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Benefits of AB Trusts for Spouses


 An AB trust is a common trust used for spouses.  This type of trust is sometimes also called a Family Trust and Marital Trust/Bypass Trust/Credit Shelter Trust/Qtip Trust or Marital Deduction Trust.  An AB Trust, like many other trusts, is a useful way to minimize estate taxes and to preserve wealth, because it allows for an exemption of the surviving spouse to pass to them and allow them to use the exemption.

In order to get the benefits of an AB Trust, the couple must include the appropriate AB Trust language in their Living Trusts and Wills and each should have apportion their assets so that each spouse has approximately the same number or amount of assets in their  Revocable Living Trust or in their name. Once this has occurred, the living trust is divided into two sections, Trust A and Trust B.  To divide the trust assets into parts, is is prudent to determine the fair market value of all of the trust’s assets as of the date of death. After dividing up the assets, the trustee can decide which assets to place into Trust A and Trust B, respectively. The two trusts are oftentimes referred to as the “survivor’s trust” or the “bypass trust.” 

Trust B is also called the “Bypass Trust,” “Credit Shelter Trust,” or “Family Trust” and holds the assets of the decedent/grantor of the trust.  Typically Trust B is comprised of the decedent’s separate property and one-half of the community property.  The remaining assets are placed in Trust A, also known as the “Marital Trust,” “QTIP Trust,” or “Marital Deduction Trust.” Upon the passing of the first spouse, Trust A becomes a revocable trust, and the survivor has control of its assets. Since Trust A is a marital deduction trust for the benefit of the surviving spouse, all assets found in Trust A are tax exempt.  As the AB Trust is structured, upon the passing of the first spouse, the surviving spouse will have control of the assets in the A Trust and receives income from the B Trust.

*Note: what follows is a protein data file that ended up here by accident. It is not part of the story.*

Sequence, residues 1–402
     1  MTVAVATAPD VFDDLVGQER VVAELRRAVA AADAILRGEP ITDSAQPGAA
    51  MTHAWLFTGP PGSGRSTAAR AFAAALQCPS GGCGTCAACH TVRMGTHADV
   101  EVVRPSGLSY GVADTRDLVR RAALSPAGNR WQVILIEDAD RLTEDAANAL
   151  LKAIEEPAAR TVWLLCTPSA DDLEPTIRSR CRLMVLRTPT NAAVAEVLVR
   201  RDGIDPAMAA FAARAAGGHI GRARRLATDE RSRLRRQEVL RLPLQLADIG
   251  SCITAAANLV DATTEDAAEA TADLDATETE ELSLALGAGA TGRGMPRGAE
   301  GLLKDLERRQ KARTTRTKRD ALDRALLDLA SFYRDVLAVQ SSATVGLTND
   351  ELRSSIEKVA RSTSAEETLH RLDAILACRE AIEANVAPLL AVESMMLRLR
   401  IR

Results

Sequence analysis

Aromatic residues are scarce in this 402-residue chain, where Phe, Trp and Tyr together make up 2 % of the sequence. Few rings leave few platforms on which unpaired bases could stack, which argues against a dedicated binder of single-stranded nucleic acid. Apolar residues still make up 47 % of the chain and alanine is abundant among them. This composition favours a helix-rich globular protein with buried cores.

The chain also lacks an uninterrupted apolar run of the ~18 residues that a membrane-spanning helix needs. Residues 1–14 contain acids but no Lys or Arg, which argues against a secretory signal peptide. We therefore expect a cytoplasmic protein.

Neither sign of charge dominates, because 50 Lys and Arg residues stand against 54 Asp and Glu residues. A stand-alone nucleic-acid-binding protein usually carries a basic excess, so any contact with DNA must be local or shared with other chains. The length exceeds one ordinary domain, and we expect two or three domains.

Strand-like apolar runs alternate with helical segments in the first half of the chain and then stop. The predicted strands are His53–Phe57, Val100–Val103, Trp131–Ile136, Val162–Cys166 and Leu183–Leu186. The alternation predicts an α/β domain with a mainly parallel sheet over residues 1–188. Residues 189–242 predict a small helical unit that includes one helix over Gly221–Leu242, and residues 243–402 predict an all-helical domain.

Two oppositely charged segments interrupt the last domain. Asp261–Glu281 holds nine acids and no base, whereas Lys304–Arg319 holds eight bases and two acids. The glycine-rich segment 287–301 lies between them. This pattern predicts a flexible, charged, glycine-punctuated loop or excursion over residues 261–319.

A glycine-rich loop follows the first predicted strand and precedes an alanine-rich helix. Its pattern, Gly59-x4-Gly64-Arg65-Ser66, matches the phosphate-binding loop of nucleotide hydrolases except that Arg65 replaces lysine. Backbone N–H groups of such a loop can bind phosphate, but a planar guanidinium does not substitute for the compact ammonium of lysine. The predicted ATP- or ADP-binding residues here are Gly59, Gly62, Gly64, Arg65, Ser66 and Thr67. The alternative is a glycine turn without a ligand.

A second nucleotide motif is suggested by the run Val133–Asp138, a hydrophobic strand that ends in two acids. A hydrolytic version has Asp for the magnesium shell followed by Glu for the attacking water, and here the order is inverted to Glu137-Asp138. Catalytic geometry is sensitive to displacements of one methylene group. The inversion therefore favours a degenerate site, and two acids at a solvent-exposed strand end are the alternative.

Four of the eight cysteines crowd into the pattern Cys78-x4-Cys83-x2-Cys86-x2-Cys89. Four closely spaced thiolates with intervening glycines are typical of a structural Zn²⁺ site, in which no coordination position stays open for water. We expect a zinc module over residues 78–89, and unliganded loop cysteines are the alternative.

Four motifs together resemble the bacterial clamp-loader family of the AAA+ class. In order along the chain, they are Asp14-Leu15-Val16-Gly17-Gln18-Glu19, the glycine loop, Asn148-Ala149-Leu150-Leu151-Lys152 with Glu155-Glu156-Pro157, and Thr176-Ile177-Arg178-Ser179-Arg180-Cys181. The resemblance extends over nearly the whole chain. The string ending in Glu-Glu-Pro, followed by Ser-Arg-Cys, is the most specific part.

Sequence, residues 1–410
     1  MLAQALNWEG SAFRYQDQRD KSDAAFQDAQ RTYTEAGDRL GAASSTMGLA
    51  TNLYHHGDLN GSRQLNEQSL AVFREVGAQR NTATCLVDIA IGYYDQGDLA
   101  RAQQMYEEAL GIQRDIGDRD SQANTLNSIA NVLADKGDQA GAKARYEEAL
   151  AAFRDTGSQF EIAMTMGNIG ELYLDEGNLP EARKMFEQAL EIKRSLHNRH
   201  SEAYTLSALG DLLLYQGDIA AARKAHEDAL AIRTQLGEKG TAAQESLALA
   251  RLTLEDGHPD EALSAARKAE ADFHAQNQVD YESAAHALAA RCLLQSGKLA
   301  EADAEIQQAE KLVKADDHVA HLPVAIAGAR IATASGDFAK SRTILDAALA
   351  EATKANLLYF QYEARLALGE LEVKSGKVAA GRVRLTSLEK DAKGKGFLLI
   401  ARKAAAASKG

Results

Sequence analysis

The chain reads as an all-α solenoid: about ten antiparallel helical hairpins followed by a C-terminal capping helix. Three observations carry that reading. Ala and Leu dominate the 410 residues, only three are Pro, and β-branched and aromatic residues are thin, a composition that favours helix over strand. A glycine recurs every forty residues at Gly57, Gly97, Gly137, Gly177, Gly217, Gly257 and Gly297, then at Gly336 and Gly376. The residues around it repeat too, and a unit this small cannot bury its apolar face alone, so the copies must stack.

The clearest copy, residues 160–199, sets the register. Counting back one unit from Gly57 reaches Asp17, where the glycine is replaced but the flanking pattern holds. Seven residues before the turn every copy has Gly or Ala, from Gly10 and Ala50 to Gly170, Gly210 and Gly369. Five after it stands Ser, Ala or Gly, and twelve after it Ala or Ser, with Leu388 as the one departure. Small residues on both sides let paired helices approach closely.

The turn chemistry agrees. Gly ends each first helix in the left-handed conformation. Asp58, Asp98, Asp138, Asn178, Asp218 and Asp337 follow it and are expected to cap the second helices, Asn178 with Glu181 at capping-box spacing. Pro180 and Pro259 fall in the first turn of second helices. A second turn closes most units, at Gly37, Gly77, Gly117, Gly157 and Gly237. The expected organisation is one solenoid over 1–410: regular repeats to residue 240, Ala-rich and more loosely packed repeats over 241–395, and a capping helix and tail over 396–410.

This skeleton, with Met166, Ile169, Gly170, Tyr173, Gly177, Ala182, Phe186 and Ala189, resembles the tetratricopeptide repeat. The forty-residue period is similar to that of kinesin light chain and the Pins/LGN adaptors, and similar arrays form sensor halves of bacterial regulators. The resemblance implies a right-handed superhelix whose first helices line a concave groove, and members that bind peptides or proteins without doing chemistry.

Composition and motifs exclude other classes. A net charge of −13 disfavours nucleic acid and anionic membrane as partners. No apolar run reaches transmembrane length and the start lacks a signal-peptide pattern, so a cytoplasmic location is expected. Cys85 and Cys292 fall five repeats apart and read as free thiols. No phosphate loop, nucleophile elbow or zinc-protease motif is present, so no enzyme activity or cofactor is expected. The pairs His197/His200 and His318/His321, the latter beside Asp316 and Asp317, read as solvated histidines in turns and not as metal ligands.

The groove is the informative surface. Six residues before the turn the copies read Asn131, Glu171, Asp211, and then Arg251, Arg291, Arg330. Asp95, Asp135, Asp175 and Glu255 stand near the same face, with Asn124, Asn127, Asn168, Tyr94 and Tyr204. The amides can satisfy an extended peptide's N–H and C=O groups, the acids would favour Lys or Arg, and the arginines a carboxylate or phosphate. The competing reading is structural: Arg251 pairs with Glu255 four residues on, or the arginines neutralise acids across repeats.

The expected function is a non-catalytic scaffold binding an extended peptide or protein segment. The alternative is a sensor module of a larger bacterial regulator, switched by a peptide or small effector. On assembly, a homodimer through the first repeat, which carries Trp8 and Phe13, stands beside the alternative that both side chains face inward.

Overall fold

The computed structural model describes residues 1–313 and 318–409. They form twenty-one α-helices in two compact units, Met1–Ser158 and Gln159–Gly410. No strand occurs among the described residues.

With respect to taxes, for Trust A, the assets in the A Trust are taxed as part of the surviving spouse’s estate, and the estate tax on the A Trust is postponed until after the surviving spouse passes. The B Trust is subject to estate taxes but because of the applicable exemption, no taxes are owed. The assets in the B Trust will pass (estate) tax free to the beneficiaries. The reason for this is due to the estate tax exemption was used already by the B Trust when the first spouse passed, so anything leftover  in the B Trust passes estate tax free. Upon the passing of the surviving spouse, only the A trust is subject to federal estate taxes because the B trust was taxed when the first spouse passed. The remainder of the A Trust will incur estate taxes only after the second spouse dies and it passes to the final beneficiaries.

An AB Trust can increase the payout to the final beneficiaries if the surviving spouse does not use the assets from the B Trust and allows them to grow in value during the surviving spouse’s lifetime. The B trust can continue for the benefit of the grantors’ heirs, usually the  children.  As the trust assets can be apportioned into equal trusts for the benefit of the grantors’ children, who will receive the income and then later will receive the principal.

For further information about the benefits of an AB Trusts, Bypass Trusts, Credit Shelter Trusts, Family Trusts, Martial Trusts, QTIP Trusts, or Martial Deduction Trusts, please call the Evans Law Firm and talk to our estate planning attorney (415) 441-8669. Your initial consultation is free and confidential.

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